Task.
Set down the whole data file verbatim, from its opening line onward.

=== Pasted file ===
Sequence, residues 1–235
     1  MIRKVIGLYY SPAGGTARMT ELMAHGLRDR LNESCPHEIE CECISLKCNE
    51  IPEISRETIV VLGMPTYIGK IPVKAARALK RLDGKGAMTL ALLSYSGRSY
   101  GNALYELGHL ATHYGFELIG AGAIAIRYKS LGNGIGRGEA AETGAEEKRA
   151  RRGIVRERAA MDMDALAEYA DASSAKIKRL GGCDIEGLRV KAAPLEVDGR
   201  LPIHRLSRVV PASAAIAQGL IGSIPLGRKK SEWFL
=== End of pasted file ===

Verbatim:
Sequence, residues 1–235
     1  MIRKVIGLYY SPAGGTARMT ELMAHGLRDR LNESCPHEIE CECISLKCNE
    51  IPEISRETIV VLGMPTYIGK IPVKAARALK RLDGKGAMTL ALLSYSGRSY
   101  GNALYELGHL ATHYGFELIG AGAIAIRYKS LGNGIGRGEA AETGAEEKRA
   151  RRGIVRERAA MDMDALAEYA DASSAKIKRL GGCDIEGLRV KAAPLEVDGR
   201  LPIHRLSRVV PASAAIAQGL IGSIPLGRKK SEWFL